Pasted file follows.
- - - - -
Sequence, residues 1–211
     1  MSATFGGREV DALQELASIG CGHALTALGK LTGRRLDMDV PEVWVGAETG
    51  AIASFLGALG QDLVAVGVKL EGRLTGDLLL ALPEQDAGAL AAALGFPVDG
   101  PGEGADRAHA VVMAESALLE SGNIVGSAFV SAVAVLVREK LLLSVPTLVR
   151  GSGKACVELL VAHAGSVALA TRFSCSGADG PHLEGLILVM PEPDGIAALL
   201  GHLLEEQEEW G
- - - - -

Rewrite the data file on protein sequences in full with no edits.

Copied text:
Sequence, residues 1–211
     1  MSATFGGREV DALQELASIG CGHALTALGK LTGRRLDMDV PEVWVGAETG
    51  AIASFLGALG QDLVAVGVKL EGRLTGDLLL ALPEQDAGAL AAALGFPVDG
   101  PGEGADRAHA VVMAESALLE SGNIVGSAFV SAVAVLVREK LLLSVPTLVR
   151  GSGKACVELL VAHAGSVALA TRFSCSGADG PHLEGLILVM PEPDGIAALL
   201  GHLLEEQEEW G